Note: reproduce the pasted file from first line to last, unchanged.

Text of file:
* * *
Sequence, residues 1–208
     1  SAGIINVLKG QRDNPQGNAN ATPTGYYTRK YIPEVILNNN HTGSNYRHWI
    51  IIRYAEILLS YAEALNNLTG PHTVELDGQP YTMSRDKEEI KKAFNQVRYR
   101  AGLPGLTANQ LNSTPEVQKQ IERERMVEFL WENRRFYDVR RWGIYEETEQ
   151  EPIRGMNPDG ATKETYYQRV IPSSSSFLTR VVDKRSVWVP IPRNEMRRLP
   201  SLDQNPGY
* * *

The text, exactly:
Sequence, residues 1–208
     1  SAGIINVLKG QRDNPQGNAN ATPTGYYTRK YIPEVILNNN HTGSNYRHWI
    51  IIRYAEILLS YAEALNNLTG PHTVELDGQP YTMSRDKEEI KKAFNQVRYR
   101  AGLPGLTANQ LNSTPEVQKQ IERERMVEFL WENRRFYDVR RWGIYEETEQ
   151  EPIRGMNPDG ATKETYYQRV IPSSSSFLTR VVDKRSVWVP IPRNEMRRLP
   201  SLDQNPGY